Local Cincy kids enjoying Jr. RBI experience

Local Cincy kids enjoying Jr. RBI experience

CINCINNATI -- Some of the Jr. RBI Classic participating teams had to travel thousands of miles to get to Cincinnati, but for a pair of teams, it didn't take more than a five-minute drive.

The Queen City has been well represented in both the baseball and softball side of the seventh annual Jr. RBI Classic by the Cincinnati Reds RBI. While the hometown team didn't get the luxury of experiencing a new area for the tournament like the others, players have been grateful for the opportunity.

"I've had a lot of fun," said Noah Sears of Cincinnati Reds RBI. "We are doing a lot of fun things, and I've liked experiencing this fun time."

Despite living within driving distance to their games, the players have been treated like all of the other teams. That includes staying with the other kids in dorms at Xavier University.

"It's really cool how we get to stay at Xavier rather than staying at home and then coming to the fields to play games, then going home," said Colin Sorensen of Cincinnati Reds RBI. "So you get to hang out with the teams and get to know them better."

The friendly tournament has offered a number of different activities for the players in addition to their games. The players have already gone to the T-Mobile All-Star FanFest and participated in a community service event at The Giving Fields.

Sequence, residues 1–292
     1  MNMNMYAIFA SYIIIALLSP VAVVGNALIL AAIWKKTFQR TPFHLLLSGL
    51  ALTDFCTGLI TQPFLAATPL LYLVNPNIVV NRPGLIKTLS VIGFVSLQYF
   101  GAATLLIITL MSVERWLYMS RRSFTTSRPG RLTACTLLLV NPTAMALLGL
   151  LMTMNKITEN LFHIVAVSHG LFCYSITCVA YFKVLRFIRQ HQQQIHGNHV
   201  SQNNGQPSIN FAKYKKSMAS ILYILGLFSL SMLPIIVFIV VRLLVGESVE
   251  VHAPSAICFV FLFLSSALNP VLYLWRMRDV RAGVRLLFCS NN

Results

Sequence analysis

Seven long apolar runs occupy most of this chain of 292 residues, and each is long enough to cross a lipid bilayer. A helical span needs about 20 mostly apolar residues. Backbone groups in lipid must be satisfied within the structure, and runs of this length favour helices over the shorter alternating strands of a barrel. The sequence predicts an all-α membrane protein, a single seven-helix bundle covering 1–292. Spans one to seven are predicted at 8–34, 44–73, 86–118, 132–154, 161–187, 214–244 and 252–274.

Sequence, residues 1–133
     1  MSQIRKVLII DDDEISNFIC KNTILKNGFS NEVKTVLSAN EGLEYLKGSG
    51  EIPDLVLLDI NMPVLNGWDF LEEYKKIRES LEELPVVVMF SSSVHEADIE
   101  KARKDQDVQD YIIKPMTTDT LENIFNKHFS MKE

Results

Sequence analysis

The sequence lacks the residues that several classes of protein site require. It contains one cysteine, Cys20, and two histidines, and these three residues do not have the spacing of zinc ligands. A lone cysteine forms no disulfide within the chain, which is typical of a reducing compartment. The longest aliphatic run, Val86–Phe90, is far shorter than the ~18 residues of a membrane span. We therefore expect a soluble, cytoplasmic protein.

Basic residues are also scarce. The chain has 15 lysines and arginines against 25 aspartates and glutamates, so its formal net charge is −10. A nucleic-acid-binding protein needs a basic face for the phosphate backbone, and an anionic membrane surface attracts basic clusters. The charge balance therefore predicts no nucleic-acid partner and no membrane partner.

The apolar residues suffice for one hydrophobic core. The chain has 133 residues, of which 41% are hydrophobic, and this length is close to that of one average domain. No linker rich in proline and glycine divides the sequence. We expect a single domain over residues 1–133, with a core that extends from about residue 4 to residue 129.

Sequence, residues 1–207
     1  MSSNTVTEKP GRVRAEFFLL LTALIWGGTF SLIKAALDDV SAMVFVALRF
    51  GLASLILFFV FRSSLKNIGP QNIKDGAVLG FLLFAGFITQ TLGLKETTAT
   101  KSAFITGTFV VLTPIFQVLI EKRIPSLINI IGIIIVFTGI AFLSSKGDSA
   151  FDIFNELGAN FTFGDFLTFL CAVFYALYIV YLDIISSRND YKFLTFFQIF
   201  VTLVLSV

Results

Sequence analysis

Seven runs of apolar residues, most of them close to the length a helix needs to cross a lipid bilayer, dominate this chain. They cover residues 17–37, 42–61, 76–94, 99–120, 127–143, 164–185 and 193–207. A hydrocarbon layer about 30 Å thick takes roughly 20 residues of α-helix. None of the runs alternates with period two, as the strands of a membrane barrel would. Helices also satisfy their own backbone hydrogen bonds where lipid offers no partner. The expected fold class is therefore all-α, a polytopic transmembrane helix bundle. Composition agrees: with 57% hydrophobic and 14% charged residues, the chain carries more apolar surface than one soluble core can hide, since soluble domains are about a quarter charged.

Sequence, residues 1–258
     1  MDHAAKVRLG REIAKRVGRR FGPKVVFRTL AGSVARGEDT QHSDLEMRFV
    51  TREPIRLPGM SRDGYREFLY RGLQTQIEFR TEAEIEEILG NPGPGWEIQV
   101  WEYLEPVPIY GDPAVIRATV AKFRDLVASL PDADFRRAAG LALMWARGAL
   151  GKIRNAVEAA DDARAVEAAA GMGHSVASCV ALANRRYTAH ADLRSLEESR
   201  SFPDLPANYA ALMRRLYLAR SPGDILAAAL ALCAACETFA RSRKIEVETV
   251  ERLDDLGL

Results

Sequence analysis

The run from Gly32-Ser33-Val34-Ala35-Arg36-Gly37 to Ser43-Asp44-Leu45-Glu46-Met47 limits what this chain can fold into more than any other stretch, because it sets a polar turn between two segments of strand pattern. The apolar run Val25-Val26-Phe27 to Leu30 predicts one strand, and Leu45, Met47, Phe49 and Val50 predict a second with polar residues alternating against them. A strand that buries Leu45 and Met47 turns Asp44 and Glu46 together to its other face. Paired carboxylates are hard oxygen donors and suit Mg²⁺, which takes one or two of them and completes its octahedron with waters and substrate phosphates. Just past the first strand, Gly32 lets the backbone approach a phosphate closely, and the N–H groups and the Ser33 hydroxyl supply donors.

The fun activities will continue up until Monday evening, when the participants will attend the Gillette Home Run Derby presented by Head & Shoulders.

A number of players have mentioned their anticipation for the Home Run Derby, including Nijel Davis. The first baseman and third baseman on Cincinnati Reds RBI said he is excited to watch Reds third baseman Todd Frazier compete in the Derby in person.

"I'm looking forward to going to the Home Run Derby," Davis said. "And we still have two more games [Monday], and I like playing against the other teams."

Sully Peter also pointed to the Home Run Derby as a highlight of the event, and he's excited about having a chance to shag balls during the event.

"The Home Run Derby is going to be awesome," Peter said. "To shag balls in the outfield -- I think it's just going to be a great time."

Being from Cincinnati has created a situation where the players are also like hosts for the event. Sorensen and the rest of the players on Cincinnati Reds RBI are used to playing in the top notch facilities at P&G Cincinnati MLB Urban Youth Academy, but he said he's noticed the other players being "wowed" by playing there.

"They've been sort of wowed by the turf fields, the turf indoor facility, batting cages, all of that stuff," Sorensen said. "It's crazy."

Robert Bondy is an associate reporter for MLB.com. This story was not subject to the approval of Major League Baseball or its clubs.